Saturday, June 20, 2015

Mr. Stan Standish

It was the middle of the morning and the funeral director wondered, "Where is Frank?" "He should have dug the hole by now."

Frank, the mortician’s assistant, the groundskeeper for the cemetery had not called to inform Mr. Stan Standish, that the grave had been dug and prepared for this morning's burial.

Frank, a punctual man, who pays attention to details and rarely, if ever misses a day’s work, had not called as of 9:00 am. The funeral starts at 10:00 and Mr. Standish was starting to get nervous.

This is the exact reason Frank was hired in the first place so that he would no longer have to check to see if the hole had been dug. With Frank, all the details including the gravesite chairs and tent covering were always ready.

For the first time in as many years, Mr. Standish now had to drive up to the cemetery before the funeral to make sure all was in order. After all, the man being buried today was once the town's main benefactor, Mr. Wellington.

Pulling up the drive of the cemetery, he came to a sudden stop; the gate was closed! “Where is Frank?” 

Fiddling in his pocket, Mr. Standish was hoping he still carried a key to the gate. “Of all days not to come to work, Frank sure picked the wrong day, he thought to himself.” “Ah, he breathed, as he slid the key in the lock and then pushed open the gate.”

Rolling up to the gardener’s shed, he was relieved to see Frank’s Ford truck. He must have come through the back gate and not unlocked the front.

 “Frank! Frank! Where are you my good man?” But, there was no reply.

Looking up the hill, he saw where the gravesite was being prepared, so he got in his car and drove up the hill. “Whose idea was it to put the town’s cemetery on a high hill, he thought to himself.  What a precarious place for the living to bury the dead.”

Getting out of his Lincoln, Stan was perplexed. Everything seemed to be in order. The tent was up, along with the chairs, and the hole seemed to be dug from the pile of dirt hidden behind the backside of the tent. “But, where is Frank?”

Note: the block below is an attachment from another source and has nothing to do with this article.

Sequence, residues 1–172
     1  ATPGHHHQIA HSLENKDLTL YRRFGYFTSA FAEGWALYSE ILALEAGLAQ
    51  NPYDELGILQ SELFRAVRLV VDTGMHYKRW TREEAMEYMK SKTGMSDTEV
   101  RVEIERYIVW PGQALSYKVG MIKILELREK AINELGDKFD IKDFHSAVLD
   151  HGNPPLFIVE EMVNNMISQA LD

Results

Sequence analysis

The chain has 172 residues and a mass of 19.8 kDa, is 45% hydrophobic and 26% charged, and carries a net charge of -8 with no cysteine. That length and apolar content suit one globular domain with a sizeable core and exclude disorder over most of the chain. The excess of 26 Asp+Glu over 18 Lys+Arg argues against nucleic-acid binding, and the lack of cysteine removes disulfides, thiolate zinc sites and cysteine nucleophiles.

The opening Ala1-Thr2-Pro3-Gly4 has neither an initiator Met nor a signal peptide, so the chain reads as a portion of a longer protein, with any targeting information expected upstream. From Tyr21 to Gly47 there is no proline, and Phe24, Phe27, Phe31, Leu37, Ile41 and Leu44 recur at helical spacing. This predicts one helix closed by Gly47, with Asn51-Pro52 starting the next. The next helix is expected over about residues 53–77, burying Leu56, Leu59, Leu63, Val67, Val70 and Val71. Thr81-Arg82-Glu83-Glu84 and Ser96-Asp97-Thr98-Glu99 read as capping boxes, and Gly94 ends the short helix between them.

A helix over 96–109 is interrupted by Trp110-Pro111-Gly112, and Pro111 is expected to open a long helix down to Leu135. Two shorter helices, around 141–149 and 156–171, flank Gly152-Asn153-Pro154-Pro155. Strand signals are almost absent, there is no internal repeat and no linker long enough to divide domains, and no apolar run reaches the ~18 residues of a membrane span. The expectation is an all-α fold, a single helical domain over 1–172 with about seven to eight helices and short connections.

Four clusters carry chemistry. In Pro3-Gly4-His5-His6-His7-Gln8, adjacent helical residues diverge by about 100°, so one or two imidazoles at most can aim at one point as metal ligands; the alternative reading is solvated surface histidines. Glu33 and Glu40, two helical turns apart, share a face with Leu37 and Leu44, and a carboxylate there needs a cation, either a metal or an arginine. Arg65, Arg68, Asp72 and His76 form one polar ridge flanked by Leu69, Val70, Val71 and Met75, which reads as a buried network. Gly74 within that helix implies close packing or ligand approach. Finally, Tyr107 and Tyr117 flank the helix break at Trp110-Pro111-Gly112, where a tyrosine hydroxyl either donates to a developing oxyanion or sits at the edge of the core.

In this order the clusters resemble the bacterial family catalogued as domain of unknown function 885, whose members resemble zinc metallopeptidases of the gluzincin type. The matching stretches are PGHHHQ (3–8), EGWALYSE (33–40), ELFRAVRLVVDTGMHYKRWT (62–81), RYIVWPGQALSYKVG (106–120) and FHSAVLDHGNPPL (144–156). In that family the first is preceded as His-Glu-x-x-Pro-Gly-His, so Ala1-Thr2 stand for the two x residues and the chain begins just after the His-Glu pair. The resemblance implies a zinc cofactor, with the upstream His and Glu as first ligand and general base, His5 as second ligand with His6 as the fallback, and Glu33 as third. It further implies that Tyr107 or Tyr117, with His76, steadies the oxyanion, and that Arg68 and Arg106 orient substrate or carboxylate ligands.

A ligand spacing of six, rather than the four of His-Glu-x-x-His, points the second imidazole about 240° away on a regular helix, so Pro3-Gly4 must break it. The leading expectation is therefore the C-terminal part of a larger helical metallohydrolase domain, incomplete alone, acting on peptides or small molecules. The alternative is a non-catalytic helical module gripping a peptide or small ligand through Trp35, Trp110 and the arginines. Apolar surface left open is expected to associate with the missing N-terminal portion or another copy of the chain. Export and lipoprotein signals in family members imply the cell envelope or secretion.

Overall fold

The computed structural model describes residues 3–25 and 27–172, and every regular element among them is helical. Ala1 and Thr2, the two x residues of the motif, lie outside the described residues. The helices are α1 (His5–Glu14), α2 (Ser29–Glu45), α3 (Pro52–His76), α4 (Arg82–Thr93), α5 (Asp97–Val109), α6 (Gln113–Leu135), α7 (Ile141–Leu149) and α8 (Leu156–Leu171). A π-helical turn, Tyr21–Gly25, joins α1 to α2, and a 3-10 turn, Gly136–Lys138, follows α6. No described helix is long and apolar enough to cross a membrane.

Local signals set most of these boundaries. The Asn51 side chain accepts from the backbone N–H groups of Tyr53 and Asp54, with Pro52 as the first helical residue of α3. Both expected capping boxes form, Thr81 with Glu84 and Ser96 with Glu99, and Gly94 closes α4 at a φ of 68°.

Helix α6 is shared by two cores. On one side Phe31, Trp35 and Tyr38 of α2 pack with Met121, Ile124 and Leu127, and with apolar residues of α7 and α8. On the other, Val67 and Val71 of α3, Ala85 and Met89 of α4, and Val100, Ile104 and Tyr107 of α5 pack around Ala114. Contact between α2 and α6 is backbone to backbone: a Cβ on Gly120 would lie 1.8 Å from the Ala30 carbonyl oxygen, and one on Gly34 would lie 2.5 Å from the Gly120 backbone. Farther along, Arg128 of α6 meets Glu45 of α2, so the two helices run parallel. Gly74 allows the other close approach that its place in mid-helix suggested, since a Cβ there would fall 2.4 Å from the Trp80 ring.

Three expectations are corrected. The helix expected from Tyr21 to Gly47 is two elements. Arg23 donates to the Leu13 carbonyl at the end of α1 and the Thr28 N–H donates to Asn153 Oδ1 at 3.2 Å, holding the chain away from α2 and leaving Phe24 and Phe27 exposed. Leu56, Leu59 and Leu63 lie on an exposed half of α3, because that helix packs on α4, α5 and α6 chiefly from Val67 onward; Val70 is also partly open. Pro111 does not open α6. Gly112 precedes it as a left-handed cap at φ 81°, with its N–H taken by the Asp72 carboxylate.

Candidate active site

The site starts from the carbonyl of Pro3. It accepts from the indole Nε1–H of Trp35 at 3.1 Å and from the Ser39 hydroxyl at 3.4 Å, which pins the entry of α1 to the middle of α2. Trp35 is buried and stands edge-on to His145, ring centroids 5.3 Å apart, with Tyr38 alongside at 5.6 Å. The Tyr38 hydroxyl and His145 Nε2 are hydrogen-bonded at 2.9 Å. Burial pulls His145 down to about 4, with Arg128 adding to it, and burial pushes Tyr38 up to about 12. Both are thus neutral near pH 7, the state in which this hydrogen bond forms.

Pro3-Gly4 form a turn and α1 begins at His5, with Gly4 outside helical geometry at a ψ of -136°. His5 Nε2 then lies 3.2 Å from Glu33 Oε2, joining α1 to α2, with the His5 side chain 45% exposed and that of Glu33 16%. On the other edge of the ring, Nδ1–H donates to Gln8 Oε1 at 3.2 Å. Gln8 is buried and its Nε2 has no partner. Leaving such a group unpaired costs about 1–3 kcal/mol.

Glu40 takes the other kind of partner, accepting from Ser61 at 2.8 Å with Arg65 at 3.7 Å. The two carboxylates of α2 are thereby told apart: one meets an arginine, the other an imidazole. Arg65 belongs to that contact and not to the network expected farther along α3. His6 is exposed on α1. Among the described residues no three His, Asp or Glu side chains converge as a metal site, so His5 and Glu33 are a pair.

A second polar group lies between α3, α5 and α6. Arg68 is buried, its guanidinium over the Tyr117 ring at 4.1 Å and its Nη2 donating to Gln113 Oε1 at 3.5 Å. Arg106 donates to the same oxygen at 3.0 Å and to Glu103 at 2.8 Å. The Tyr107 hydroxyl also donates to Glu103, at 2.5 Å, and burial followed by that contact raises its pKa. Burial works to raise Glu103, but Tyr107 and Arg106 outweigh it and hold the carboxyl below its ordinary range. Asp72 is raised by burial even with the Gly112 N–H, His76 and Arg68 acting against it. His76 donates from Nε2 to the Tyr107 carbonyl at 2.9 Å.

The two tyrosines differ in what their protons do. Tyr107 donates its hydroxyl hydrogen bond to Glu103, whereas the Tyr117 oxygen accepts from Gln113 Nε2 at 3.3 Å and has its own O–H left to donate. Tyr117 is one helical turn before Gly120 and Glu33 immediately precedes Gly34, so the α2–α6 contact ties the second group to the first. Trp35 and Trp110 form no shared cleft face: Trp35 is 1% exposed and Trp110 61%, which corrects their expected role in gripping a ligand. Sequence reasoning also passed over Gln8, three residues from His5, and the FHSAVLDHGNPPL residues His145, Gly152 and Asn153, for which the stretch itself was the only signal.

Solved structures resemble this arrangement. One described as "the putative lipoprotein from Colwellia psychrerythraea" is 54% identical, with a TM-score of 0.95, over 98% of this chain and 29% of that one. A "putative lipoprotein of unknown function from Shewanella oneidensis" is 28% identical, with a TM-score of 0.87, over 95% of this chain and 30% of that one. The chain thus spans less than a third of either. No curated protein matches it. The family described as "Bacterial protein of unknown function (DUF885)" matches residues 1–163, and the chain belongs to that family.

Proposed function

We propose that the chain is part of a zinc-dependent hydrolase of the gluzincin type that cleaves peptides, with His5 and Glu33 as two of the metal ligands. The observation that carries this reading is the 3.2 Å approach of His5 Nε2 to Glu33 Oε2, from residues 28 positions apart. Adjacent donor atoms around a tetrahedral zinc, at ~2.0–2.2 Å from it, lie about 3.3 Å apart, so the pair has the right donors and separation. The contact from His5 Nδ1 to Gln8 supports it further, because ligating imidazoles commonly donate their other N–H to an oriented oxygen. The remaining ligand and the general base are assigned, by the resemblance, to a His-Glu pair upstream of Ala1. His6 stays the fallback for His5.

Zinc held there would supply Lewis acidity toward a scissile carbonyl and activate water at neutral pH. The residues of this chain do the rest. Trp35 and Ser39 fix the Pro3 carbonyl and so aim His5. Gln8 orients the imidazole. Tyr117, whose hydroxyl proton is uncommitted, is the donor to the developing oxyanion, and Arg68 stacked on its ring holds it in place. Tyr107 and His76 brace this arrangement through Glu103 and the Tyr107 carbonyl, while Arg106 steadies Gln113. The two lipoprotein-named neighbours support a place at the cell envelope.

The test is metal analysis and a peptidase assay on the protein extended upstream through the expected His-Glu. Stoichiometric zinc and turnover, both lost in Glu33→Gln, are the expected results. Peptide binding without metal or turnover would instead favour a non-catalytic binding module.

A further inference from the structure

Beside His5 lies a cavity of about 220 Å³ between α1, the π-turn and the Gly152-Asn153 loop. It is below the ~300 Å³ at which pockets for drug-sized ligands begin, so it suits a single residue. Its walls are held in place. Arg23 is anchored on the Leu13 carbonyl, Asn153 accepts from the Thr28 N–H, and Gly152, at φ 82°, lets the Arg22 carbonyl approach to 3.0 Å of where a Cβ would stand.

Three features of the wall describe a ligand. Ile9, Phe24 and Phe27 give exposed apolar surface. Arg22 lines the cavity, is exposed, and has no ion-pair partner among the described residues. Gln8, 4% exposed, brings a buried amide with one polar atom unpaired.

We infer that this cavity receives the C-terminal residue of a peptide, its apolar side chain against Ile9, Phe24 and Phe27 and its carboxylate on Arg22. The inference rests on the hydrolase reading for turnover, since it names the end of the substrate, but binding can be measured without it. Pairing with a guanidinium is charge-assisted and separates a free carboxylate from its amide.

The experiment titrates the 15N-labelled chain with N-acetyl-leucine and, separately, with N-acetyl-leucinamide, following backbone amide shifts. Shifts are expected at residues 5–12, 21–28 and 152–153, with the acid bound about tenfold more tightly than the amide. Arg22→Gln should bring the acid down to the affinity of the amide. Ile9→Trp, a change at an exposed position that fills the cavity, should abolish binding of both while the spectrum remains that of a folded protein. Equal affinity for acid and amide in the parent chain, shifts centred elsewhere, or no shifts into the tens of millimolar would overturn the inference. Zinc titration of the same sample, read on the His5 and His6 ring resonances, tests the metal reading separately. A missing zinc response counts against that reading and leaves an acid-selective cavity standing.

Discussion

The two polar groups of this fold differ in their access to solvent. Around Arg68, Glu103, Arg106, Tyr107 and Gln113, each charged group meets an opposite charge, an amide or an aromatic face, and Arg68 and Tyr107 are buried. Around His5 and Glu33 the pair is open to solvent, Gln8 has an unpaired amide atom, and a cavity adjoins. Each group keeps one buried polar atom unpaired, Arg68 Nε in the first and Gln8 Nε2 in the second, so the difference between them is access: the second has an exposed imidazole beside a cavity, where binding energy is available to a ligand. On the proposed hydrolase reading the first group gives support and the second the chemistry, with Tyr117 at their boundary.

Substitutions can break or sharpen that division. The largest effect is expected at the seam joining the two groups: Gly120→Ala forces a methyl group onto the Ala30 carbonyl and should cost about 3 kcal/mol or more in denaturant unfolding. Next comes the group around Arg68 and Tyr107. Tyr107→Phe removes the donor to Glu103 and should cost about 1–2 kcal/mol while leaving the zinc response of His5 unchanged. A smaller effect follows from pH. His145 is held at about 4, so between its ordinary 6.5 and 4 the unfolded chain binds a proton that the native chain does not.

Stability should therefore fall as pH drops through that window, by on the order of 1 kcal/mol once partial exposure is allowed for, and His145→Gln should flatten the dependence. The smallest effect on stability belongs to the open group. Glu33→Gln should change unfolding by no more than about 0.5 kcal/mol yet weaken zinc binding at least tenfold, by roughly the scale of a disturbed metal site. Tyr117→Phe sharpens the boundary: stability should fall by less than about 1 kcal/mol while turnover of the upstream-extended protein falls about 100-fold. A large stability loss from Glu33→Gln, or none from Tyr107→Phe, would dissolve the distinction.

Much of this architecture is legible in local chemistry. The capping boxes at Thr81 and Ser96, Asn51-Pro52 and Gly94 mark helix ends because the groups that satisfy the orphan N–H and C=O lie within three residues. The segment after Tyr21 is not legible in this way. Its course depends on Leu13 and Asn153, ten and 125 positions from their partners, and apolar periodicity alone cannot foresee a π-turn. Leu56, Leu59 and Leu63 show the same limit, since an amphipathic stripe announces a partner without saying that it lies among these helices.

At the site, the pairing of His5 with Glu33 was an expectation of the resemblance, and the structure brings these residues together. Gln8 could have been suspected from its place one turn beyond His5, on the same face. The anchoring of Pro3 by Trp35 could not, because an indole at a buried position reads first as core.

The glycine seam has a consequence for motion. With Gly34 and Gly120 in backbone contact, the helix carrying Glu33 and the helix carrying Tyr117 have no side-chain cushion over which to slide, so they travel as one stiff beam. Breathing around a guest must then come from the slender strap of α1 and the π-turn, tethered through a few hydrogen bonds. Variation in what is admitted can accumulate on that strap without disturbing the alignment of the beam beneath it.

Peering over the rail of the newly dug grave, he found his answer. 

Frank, lay flat out at the bottom of the grave, like a chalk outlined body of someone who had been murdered.  

“He must have fallen over the railing and broken his back.” "Sigh!"

With much, too much, to do today, Stan shoveled enough dirt to cover Frank’s body.  Then getting back in his car, he drove to the funeral home, conducted Mr. Wellington’s burial. 

Finally, collapsing into his black leather custom office chair, he thought, "Dead men tell no tales. Frank’s story will have to wait." 


Flash Fiction June 20th, 2015, Mr. Stan Standish, By Peggy Jo Farr

Friday, June 19, 2015

Writing The First Chapter

When beginning the first chapter it is a good idea to think like a filmmaker when it comes to creating your stories setting and background.  What would you put in front of the camera? How would you clue in your reader to where the story takes place? If your story has cataclysmic shifts be sure to paint the before and after scenes clearly, muddy or vague settings or backdrops confuse readers.

Choosing a backdrop is important so choose one that helps you tell the story. Remember a backdrop will carry expectations, moods, and increase suspense, which will help your story move along. When you create a background, you are setting the tone of the novel. 

Creating your background gives your story voice, shares a message, and a theme. Work to be consistent. What are you intentions? Where is the story heading? Build your ending into the beginning of your novel by purposefully structuring or framing the world in which your characters come to life and live.

Whatever your tone of the story is, be clear and consistent from the beginning. The tone you set in the first chapter must percolate through your story to finish well.